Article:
1,100 British, South African and American prisoners of war were put on a train to be taken to a camp in Germany. On January 28, 1944, they were crossing the Orvieto Railroad Bridge North in Allerona, Umbria, when the American 320th Bombardment Group arrived to bomb the bridge.
Unaware that there were Allied prisoners on the train, they dropped their bombs on their targets. The Germans left the prisoners locked in the boxcars and fled. Approximately half the men were killed by the bombs, or when the cars ultimately tumbled into the river below.
As Sue Finley stood among the ruins five years ago, she thought: “I might be the only person in the entire world who knows what happened here, and that a tragic accident might go unrecognised forever.”
On 28 January 1944, US air force planes bombed a bridge at Allerona, north of Orvieto in central Italy. Captain William Cook, the intelligence officer of the 320th Bombardment Group wrote afterwards that “an excellent concentration of bombs bracketed the bridge” and a “train of 40/50 cars standing across the bridge received direct hits destroying 10 cars, derailing three and the remainder buckled up in an arch”.
What he and the pilots did not know was that on that train were more than 1,000 allied PoWs: Americans, Britons, South Africans and others. To this day, no one knows for certain how many died. Estimates range from 200 to 600.
“It was possibly the worst incident of ‘friendly fire’ in the second world war, and certainly the worst in Italy,” says Janet Kinrade Dethick, a British expatriate living in Umbria, who has carried out extensive research into the tragedy.
Yet, until just a few years ago, the bombing of Allerona bridge appeared to have been forgotten. When Finley, a New Jersey newspaper owner and the daughter of a survivor, tried to discover more, she found just one mention of the incident, in the book War in the Val D’Orcia, the published diaries of an Anglo-American married to an Italian landowner.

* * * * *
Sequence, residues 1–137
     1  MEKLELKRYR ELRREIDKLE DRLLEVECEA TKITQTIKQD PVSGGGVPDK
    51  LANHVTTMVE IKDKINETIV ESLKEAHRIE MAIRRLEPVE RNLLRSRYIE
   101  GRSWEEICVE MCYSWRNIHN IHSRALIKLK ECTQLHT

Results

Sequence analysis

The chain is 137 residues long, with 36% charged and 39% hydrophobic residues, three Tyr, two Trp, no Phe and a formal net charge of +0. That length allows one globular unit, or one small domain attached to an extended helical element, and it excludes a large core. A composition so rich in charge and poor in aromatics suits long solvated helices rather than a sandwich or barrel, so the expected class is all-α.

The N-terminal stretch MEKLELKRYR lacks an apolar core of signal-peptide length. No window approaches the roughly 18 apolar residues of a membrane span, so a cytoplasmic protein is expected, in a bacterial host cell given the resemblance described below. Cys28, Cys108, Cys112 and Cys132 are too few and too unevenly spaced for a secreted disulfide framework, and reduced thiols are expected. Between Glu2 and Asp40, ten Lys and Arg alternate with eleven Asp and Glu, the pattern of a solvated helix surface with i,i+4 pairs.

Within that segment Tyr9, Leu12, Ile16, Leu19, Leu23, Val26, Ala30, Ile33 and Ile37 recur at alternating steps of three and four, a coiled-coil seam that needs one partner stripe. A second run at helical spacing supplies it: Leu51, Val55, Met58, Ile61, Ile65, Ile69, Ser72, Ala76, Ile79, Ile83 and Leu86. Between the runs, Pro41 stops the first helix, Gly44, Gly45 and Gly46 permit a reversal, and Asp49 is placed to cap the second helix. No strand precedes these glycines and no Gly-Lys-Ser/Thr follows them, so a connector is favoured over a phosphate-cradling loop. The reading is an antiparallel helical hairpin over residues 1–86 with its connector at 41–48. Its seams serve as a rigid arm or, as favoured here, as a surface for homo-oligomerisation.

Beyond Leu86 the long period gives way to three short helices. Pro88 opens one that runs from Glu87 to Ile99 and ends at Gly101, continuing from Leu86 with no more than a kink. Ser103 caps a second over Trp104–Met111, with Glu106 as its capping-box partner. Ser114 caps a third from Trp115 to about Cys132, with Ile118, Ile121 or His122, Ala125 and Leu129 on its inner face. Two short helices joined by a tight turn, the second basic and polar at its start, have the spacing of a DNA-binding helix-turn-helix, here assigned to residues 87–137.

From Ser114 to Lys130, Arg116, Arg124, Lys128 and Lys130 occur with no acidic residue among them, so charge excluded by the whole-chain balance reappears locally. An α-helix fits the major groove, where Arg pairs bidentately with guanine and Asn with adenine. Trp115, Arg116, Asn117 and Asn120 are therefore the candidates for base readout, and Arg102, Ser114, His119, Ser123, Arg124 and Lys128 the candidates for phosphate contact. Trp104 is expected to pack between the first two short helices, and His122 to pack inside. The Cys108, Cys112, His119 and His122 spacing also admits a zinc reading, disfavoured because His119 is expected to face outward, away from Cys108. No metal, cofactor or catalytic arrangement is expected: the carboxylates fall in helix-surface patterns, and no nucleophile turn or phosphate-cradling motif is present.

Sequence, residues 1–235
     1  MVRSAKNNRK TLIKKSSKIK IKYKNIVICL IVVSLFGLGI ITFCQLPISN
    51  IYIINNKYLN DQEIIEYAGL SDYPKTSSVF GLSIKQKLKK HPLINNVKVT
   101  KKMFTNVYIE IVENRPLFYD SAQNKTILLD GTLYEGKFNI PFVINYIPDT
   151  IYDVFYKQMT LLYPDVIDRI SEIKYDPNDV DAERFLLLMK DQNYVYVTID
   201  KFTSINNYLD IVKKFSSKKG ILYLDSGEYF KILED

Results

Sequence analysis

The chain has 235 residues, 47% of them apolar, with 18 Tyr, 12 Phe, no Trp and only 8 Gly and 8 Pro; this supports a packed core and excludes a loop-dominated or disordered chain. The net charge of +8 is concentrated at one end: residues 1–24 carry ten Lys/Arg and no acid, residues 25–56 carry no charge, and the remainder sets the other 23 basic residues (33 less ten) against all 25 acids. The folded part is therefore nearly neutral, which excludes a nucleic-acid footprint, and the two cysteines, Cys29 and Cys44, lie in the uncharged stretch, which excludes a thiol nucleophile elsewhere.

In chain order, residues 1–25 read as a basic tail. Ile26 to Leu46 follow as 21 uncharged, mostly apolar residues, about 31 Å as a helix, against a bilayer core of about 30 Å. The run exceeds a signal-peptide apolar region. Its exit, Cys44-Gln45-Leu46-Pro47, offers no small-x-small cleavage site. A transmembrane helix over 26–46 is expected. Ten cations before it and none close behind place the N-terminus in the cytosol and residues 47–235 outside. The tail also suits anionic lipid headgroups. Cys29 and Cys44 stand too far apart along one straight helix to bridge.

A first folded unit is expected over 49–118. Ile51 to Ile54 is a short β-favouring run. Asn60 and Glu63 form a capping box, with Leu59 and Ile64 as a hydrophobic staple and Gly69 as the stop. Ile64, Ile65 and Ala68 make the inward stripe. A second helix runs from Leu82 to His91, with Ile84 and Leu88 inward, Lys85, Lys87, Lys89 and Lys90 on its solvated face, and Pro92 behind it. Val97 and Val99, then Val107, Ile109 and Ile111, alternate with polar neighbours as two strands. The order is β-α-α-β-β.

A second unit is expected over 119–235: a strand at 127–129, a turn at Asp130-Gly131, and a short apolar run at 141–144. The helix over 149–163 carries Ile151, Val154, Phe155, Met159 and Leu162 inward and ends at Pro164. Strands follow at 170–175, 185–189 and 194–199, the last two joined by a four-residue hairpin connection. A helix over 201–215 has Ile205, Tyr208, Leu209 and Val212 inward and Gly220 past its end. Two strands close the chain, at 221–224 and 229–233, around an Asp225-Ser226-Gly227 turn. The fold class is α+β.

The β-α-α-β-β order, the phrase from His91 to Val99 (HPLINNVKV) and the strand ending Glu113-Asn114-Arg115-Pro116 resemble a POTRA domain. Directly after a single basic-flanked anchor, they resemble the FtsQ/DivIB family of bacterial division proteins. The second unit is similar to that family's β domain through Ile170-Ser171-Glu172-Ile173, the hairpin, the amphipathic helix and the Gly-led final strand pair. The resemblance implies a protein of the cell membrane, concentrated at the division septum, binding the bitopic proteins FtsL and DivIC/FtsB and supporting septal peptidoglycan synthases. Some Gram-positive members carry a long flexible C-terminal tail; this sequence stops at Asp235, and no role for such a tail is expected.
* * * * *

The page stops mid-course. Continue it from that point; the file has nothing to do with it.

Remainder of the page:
On Saturday, however, thanks to the recent efforts of an Italian historical research society, Giugno ’44, and the Italy Star Association of British veterans, a monument is to be unveiled near the bridge. Finley will be there. And so, in a sense, will the victims.
Fabio Roncella of Giugno 44 says an elderly neighbour of his in the nearby village of Montegabbiano told him how he was taken by the Germans to deal with the aftermath of the tragedy.
“When they arrived, they found a mountain of corpses. They put them in a bomb crater, drenched them in petrol and set light to them,” Roncella said. He has unearthed a report by British engineers who were sent to Allerona two months later after the Germans had been driven northwards and the bridge destroyed.
They recounted finding the remains and deciding to put one of the piers of a new bridge over the crater. The memorial has been placed on that pier.
Allerona bridge was the scene of unimaginable horror, but also of great heroism.
“It was a terrible sight,” recalled Corporal Bill Marsh of the 1st Battalion, the South Wales Borderers. “We were all locked in cattle trucks with only a small window in the top corner of the truck, which was made fast with strands of barbed wire.”
Some who survived were freed by an Italian working on the bridge who grabbed a pickaxe and set about smashing bars and locks on the wagons. Others owed their lives to Corporal Leonong Matlakala, a Native Military Corps driver with 2 South African Division. “He and three others forced their way out of their truck and ran up and down the train, releasing the rest of the PoWs. The strafing from the aircraft continued all the while and some of the trucks caught alight, but their actions succeeded in saving many lives,” a South African military researcher concluded.
So why did the incident not feature in histories of the campaign?
“I don’t think it was hushed up, but just pushed aside,” says Kinrade Dethick. She is surprised, nevertheless, that the 320th Bombardment Group’s official history continues to celebrate it as a victory.
It records: “Group Marauders caught a German troop train stalled on Orvieto North bridge the 28th and exploded bombs among the fleeing enemy soldiers.”
A similar incident took place during the”Battle of the Bulge, where a Railroad yard near Limburg, Germany was struck by 9th Air Force light and medium bombers on Dec. 23, 1944 during the first day of good weather during the Battle of the Bulge. Unfortunately, since the rail cars were not marked per the Geneva Convention, Allied POWs often in transit sometimes lost their lives in rail attacks as a result.
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